Prisoners of Our Own Device

By Bill Maher

The sudden furor to repeal Obamacare's medical device tax doesn't just illustrate that businesses can't be trusted (they can't), and that Republicans are corporate shills (they are), it also brings up a larger point: In any standoff between Congress and the President, the President is the only person who can honestly say he's representing the American people as a whole.

First, let's stipulate that a 2.3 percent excise tax on the sale of devices inside the US is chicken feed. No jobs will be lost, no companies shuttered. The cost can and will be passed on. No foreign, cheaper sources of latex gloves or MRI machines are going to pop up and use the tax to wipe out American business, nor does the tax apply to US exports.

But the fight over the tax shows how local politics can be leveraged even among Obamacare's staunchest supporters. Thirty-three Democratic senators have voted for repeal, including Al Franken and Elizabeth Warren. The reason isn't mysterious -- the biggest medical device makers are in Democratic states: Medtronic in Minnesota, Boston Scientific in Massachusetts, and Johnson & Johnson in New Jersey.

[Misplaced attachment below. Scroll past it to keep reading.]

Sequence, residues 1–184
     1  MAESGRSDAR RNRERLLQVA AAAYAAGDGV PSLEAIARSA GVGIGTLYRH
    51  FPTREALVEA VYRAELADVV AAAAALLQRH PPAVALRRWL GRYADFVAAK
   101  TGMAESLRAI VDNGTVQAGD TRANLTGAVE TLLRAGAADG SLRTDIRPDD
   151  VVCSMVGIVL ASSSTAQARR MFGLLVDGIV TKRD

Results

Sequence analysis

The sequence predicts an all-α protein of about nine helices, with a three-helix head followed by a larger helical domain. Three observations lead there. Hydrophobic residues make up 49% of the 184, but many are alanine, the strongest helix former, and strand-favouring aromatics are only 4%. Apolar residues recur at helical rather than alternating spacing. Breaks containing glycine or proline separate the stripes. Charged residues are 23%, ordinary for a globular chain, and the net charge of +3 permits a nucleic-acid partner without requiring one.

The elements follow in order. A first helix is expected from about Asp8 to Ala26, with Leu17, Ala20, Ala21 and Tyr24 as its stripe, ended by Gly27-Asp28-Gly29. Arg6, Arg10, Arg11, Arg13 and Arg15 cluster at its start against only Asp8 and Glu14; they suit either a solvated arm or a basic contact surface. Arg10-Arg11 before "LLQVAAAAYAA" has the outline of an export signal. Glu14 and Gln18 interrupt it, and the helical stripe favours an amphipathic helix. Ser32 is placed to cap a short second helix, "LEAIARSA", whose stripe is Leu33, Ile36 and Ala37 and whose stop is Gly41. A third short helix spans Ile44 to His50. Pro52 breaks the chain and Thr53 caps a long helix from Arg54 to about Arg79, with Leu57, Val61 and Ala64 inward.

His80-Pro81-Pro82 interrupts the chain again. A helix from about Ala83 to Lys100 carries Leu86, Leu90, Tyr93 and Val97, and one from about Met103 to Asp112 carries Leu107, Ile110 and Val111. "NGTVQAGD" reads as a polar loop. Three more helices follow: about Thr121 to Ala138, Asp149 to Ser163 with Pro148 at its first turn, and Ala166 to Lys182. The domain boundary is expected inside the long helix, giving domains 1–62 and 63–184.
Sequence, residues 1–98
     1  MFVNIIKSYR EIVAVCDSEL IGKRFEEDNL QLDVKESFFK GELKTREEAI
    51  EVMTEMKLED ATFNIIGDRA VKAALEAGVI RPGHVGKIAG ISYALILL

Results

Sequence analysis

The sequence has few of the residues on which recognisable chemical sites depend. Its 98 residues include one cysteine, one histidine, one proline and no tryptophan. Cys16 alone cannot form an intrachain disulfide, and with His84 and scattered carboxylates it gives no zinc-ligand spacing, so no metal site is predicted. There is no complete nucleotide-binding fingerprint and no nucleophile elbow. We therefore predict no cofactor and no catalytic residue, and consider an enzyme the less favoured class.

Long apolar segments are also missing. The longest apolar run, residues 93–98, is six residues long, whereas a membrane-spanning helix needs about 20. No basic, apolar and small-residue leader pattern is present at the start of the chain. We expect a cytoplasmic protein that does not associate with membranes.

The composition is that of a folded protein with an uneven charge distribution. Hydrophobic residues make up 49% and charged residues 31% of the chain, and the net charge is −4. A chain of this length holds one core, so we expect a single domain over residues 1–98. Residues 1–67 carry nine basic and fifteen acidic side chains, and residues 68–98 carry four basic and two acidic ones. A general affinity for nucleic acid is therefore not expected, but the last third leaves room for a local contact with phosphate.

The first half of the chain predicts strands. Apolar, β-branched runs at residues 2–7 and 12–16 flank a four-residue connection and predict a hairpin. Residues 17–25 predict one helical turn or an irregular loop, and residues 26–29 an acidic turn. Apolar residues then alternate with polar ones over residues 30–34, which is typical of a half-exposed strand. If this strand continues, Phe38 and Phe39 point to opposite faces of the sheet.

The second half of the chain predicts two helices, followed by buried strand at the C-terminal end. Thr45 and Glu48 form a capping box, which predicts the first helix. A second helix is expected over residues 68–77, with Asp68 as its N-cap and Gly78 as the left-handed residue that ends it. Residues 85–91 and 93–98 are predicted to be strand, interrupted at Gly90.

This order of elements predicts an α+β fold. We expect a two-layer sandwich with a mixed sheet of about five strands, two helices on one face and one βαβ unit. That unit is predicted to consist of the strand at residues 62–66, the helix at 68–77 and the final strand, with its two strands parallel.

That's not to say Franken and Warren are corrupt. Congressmen have to represent the interests of their districts. So Franken and Warren will "stand up to big business" unless the business is a big part of their constituency, and "stand up to the military industrial complex" unless the base or manufacturer is in their state. It's not even necessarily dishonest or fear-based: It's just how representative democracy works.

But it does mean is that despite how often Congressmen say they're acting in the best interests of the American people, by definition what they are saying is "the best interests of the American people unless it affects my shit." The President is the only one who can truly claim to have a job without a built-in conflict of interest.